HILTON, CONRAD NICHOLSON
HILTON, CONRAD NICHOLSON (1887–1979). Conrad Hilton, hotel executive, the son of Augustus Holver and Mary (Laufersweiler) Hilton, was born in San Antonio, New Mexico, on December 25, 1887. He attended Goss Military Institute in Albuquerque, New Mexico Military Institute at Roswell, and St. Michael's College in Santa Fe. By the age of eighteen he had worked as a clerk, a trader, and a speculator. His first experience in hotels came in 1907, when his father converted part of the family general store into a hotel to meet his financial obligations. Hilton next spent two years at the New Mexico Institute of Mining at Socorro and then became a partner in a mercantile business. In 1912 he was elected to serve a term in the first New Mexico state legislature. In 1913 he opened the New Mexico State Bank, where he was considered too young to serve as chief executive and worked as the manager for a musical trio. He enlisted in 1917 and served as a lieutenant in the Quartermaster Corps of the American Expeditionary Force during World War I.
In 1919, after his discharge, Hilton purchased his first hotel, the Mobley, at Cisco, Texas. It was the beginning of a hotel empire built in three stages: first, by leasing and renovating old hotels; next, by building new hotels on leased land, primarily in Texas; and, third, by buying existing hotels at low prices. Hilton opened a new Texas hotel every year between 1925 and 1930 and by the onset of the Great Depression owned a total of eight. Despite efforts to advertise in national magazines, however, he was close to bankruptcy by 1931. Economic hardship lessened nationwide travel and forced him to close his El Paso hotel in 1933. He recovered, with the help of Shearn and William L. Moody, Jr., of Galveston and a number of other investors, and subsequently merged his hotels with the Moodys' operations to form the National Hotel Company, of which he was one-third owner and general manager. The merger failed, however, and in 1934 Hilton resumed his independent operation with five hotels.
He served as chairman of the Hilton Hotels Corporation, formed on May 29, 1946, and of Hilton International Company, organized in 1948, which became a subsidiary of Trans-World Airlines after 1967. In 1954 he assumed the mortgage and operation of the Shamrock Hotel in Houston and acquired the Statler hotel system. The action resulted in a suit brought by the United States Justice Department alleging violation of the Clayton Antitrust Act. In all, Hilton eventually owned 188 hotels in thirty-eight United States cities, including the Mayflower in Washington, the Palmer House in Chicago, and the Plaza and Waldorf-Astoria in New York, and fifty-four hotels abroad. He later purchased the Carte Blanche Credit Company and an interest in the American Crystal Sugar Company, as well as other enterprises. After 1965 he was chairman of the Hilton-Burns Hotels Company, Incorporated.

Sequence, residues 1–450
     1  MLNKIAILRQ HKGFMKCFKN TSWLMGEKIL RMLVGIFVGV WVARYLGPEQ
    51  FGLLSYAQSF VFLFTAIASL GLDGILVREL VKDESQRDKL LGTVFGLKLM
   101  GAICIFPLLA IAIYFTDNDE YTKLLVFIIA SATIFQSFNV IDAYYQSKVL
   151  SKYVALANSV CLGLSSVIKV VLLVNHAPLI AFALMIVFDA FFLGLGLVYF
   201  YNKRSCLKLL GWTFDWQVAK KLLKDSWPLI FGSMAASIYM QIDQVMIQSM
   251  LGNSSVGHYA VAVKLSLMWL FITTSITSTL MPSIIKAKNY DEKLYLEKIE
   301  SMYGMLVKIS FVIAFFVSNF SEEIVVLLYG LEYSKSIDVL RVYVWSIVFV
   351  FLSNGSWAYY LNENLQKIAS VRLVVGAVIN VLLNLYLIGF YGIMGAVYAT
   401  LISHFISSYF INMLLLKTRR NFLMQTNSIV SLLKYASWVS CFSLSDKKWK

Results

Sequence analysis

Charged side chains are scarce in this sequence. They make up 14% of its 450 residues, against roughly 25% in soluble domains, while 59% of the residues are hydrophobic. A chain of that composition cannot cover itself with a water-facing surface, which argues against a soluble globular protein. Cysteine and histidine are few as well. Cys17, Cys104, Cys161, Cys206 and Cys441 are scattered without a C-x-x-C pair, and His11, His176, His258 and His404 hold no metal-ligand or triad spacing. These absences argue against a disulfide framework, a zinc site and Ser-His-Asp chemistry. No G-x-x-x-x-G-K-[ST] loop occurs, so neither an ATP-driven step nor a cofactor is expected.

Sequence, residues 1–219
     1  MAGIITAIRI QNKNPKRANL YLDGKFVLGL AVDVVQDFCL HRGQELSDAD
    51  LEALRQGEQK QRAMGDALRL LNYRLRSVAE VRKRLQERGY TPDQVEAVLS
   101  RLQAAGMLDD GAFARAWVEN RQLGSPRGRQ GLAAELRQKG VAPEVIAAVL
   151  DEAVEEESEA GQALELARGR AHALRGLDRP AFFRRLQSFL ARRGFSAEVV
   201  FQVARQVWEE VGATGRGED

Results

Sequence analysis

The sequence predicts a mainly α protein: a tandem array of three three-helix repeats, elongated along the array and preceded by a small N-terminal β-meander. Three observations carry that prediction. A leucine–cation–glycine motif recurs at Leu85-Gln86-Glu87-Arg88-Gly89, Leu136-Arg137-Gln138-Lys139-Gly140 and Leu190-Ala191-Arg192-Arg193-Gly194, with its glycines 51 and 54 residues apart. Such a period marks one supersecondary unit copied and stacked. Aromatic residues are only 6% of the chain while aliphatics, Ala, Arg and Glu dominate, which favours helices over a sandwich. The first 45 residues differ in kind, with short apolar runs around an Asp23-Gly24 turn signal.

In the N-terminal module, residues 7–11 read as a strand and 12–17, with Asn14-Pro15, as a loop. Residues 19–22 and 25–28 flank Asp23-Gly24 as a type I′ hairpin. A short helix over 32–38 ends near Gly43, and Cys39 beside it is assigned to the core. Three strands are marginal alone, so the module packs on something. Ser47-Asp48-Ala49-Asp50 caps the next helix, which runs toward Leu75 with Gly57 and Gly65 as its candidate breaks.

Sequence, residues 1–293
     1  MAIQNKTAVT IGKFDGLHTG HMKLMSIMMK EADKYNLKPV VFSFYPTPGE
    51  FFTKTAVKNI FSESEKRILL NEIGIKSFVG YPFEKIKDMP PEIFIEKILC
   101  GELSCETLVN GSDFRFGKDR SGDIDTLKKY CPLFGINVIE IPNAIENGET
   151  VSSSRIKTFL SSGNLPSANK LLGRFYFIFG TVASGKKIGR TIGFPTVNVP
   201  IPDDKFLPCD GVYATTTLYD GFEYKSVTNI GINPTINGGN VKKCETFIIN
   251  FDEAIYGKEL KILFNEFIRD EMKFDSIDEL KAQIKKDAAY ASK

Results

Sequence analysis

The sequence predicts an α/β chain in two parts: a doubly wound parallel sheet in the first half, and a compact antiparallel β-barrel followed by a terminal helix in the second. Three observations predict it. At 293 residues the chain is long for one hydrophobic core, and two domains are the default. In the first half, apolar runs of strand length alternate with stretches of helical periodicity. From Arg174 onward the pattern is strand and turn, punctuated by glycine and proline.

Hilton received honorary degrees from the University of Detroit (1953), DePaul University (1954), Barat College of the Sacred Heart (1955), Adelphi College and New Mexico College of Architectural and Mechanical Arts (1957), Sophia University, Tokyo (1963), and the University of Albuquerque (1975). In 1957 he published his autobiography, Be My Guest, and in 1963, Inspirations of an Innkeeper. He also authored a prayer, "America on Its Knees," first published in 1952 and later placed in every Hilton hotel. Hilton was a Catholic who supported numerous causes, including Loretto Academy in El Paso. He received numerous awards from the United States and overseas governments and was a personal friend of Dwight D. Eisenhower.
In 1925 he married Mary Barron, with whom he had three sons. He was divorced in 1934, and in 1942 married actress Zsa Zsa Gabor. After their divorce in 1946, Hilton married a woman named Mary Frances in 1976; the couple had one daughter. Hilton purchased his principal residence, Casa Encantada, in the Bel Air section of Los Angeles, California, in 1950. He died on January 3, 1979, at Santa Monica and was buried at Calvary Hill Cemetery in Dallas. After a succession of thirty-five separate wills, Hilton gave the bulk of his estate, estimated at a half billion dollars, to charity through his Los Angeles-based Conrad N. Hilton Foundation, established for the purpose of promoting world peace, helping children, and supporting Catholic nuns in their work with the poor.
Whitney Bolton, The Silver Spade: The Conrad Hilton Story (New York: Farrar, Strauss, and Young, 1954). Thomas Ewing Dabney, The Man Who Bought the Waldorf: The Life of Conrad N. Hilton (New York: Duell, Sloan, and Pearce, 1950). Joseph Leach, Sun Country Banker: The Life and the Bank of Samuel Doak Young (El Paso: Mangan, 1989). Vertical Files, Dolph Briscoe Center for American History, University of Texas at Austin.
The following, adapted from the Chicago Manual of Style, 15th edition, is the preferred citation for this article.Diana J. Kleiner, "HILTON, CONRAD NICHOLSON," Handbook of Texas Online (http://www.tshaonline.org/handbook/online/articles/fhi39), accessed May 20, 2013. Published by the Texas State Historical Association.